Emerging Markets

SA now harbinger for battered commodity economies

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South Africa, one of the emerging market's biggest success stories in recent years, is rapidly becoming a canary in the coalmine known as the commodities washout.

A deepening tumble in commodity prices — a fast moving train wreck that's been barreling down the tracks of the global economy since last year — has been linked directly to China's economic slowdown. For the first time in nearly a decade, investors are yanking more money out of emerging markets than they are putting in, a new report from the Institute of International Finance stated on Friday.

With the emphasis being on China and other Asian countries, investors have largely ignored developing economies such as South Africa, the continent's second-biggest economy and one highly dependent on natural resource demand. Sub-Saharan Africa is a net exporter of primary commodities, according to the World Bank, which becomes a mixed blessing when major markets that account for much of global demand stagnate or fall into outright recession.

Meanwhile, South Africa is becoming an exponent of the sell-off hammering global markets. Tumult in the world economy—and the G20 country's own structural challenges—recently sent its currency, the rand, to a record low. The rand's swoon is part of what Bernd Berg, a portfolio manager and strategist with Societe Generale, recently called an "unprecedented" tumble in emerging market currencies.

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Economists note that the swift deterioration in these currencies stems from a worsening of domestic fundamentals and a weak external backdrop. After growing in the first three months of the year, South Africa's economy shrank by 1.3 percent in the second quarter, heightening fears of a full-fledged recession.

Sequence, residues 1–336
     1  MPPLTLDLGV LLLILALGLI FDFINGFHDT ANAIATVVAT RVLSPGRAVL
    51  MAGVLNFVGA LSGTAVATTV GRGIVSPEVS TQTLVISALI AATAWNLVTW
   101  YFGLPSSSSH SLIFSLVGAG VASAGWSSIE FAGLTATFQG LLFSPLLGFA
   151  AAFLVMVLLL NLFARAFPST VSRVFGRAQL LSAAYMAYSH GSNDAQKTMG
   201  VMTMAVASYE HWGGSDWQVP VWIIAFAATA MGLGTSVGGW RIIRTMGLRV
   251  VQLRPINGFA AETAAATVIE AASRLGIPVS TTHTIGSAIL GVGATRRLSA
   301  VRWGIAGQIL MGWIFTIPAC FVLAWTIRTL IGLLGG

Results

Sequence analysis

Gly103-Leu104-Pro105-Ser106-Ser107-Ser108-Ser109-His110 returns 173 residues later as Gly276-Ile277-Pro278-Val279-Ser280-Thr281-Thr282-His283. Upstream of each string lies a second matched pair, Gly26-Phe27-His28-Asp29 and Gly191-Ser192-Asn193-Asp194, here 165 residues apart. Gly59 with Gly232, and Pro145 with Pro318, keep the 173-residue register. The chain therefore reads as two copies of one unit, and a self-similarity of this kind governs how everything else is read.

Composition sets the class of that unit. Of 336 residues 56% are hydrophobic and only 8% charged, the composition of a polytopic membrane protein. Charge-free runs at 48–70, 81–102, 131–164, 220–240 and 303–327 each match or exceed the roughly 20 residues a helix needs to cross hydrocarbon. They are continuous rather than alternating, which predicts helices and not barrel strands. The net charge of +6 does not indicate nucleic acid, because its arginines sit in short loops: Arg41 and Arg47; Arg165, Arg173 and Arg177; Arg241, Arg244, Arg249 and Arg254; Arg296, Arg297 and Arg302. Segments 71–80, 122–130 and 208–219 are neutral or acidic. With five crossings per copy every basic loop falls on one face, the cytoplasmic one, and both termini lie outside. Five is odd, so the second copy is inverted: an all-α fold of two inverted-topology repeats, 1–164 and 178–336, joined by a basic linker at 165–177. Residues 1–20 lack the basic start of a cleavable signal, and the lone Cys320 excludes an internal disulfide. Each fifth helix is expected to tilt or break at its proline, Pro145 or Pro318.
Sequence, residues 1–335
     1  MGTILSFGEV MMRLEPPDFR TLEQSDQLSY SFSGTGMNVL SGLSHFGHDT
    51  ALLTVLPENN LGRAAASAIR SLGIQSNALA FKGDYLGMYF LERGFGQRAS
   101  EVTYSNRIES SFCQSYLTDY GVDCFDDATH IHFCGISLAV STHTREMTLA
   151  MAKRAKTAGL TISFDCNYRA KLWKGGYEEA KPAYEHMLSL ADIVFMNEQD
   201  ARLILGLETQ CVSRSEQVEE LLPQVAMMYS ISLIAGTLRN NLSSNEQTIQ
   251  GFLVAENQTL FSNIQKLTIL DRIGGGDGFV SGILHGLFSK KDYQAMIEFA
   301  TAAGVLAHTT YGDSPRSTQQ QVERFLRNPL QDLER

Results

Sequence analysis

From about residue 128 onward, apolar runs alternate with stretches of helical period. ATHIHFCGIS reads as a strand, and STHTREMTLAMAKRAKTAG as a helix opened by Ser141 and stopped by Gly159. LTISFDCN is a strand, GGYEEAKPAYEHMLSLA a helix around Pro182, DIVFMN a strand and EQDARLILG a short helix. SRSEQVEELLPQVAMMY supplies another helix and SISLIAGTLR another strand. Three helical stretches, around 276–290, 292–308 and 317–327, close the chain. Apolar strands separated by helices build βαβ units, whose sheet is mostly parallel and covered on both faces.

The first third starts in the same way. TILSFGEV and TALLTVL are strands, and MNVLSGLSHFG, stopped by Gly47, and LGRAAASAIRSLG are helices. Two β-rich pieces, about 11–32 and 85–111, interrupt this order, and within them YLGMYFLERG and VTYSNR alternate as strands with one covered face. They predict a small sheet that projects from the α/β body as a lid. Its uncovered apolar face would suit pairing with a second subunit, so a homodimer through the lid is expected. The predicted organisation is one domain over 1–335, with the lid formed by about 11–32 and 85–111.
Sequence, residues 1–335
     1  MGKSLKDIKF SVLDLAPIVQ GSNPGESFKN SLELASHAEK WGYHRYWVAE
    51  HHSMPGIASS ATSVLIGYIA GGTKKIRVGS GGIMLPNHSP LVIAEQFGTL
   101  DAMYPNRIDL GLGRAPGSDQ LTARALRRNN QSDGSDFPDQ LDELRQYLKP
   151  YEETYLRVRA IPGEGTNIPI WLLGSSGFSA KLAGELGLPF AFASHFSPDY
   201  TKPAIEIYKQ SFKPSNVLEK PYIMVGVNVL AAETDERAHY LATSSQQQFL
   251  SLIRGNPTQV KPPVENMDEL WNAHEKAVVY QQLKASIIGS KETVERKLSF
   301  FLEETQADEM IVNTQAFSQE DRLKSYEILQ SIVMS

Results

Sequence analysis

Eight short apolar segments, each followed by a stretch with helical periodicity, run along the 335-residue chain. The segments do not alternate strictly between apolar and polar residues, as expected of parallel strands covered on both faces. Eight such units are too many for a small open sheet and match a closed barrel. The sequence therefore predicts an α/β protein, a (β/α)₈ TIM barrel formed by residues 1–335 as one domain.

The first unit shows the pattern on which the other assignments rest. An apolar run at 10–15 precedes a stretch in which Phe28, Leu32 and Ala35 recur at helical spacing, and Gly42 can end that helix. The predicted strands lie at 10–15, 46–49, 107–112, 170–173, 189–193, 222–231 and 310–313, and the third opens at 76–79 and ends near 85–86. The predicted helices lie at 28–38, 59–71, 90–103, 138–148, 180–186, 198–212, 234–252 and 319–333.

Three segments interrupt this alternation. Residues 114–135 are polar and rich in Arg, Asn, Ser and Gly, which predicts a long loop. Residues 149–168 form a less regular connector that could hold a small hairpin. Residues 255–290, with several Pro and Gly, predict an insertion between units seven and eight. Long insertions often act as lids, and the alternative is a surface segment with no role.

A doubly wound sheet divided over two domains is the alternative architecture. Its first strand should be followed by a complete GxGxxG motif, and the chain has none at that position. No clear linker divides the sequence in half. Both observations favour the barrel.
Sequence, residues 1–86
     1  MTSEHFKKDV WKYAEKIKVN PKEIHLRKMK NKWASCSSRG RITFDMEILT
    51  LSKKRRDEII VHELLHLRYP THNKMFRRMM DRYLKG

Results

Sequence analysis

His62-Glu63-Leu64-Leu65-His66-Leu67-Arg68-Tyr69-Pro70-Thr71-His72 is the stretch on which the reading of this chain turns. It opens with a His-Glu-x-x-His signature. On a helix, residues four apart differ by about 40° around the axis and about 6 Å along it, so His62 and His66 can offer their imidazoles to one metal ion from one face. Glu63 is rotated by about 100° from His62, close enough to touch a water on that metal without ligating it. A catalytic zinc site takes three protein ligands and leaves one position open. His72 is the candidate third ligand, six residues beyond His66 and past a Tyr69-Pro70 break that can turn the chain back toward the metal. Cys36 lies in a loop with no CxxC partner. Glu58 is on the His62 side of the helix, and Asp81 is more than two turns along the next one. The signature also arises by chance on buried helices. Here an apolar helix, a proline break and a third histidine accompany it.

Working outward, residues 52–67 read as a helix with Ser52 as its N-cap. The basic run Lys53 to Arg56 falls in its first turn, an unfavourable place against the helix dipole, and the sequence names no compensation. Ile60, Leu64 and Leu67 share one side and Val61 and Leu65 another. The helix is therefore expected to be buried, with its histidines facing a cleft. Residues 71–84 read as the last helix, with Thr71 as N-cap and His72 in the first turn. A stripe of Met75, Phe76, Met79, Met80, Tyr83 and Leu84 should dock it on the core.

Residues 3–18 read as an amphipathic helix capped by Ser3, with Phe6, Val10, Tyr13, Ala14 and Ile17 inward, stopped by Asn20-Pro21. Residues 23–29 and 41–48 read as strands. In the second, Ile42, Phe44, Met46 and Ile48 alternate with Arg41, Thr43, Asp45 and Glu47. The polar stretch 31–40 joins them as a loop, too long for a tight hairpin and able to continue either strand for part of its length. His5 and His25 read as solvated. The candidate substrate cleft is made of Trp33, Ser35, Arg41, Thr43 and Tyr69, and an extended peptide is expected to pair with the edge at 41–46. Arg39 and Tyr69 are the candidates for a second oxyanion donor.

As a result, a perfect storm could very well be brewing for South Africa and its cohorts in the BRIC economies, which include Brazil, Russia, India and China. Last week, the International Monetary Fund warned that South Africa and other commodity-lined economies would likely see nearly a full percentage point shaved from their annual growth over the next two years.

Developing market capital flight "is most dangerous for the currencies of countries that face a sizable current account deficit and rely on short-term capital inflows," Berg said, issues that bedevil South Africa's economy.

South Africa's markets have not been spared from what has become a significant slump in the demand for emerging market bonds and equities since late July. According to investment bank Barclays Africa (Absa), the threat of a potential rate hike from the Federal Reserve and China slowdown fears have hit South Africa and other emerging markets hard.

Coupled with China's slowdown, analysts say there has been a growing loss of confidence in the big emerging market success stories of the last few years, which is now feeding into South Africa's woes. The downward spiral in Africa's economic powerhouse is dovetailing with the seeming demise of the commodities "super-cycle" that may get worse if the Fed follows through on a threat to tighten monetary policy.

"On a year-to-date basis, [South Africa's capital] inflows are still up on the year, equity inflows remain at six-year highs and SA's current account deficit has narrowed in recent quarters," Mike Keenan, a Johannesburg-based economist with Absa said in a research note last month.

"However, South Africa still has relatively large external funding requirements, which is why these waning portfolio flows remain a concern for both the country's balance of payments and its exchange rate outlook," he added.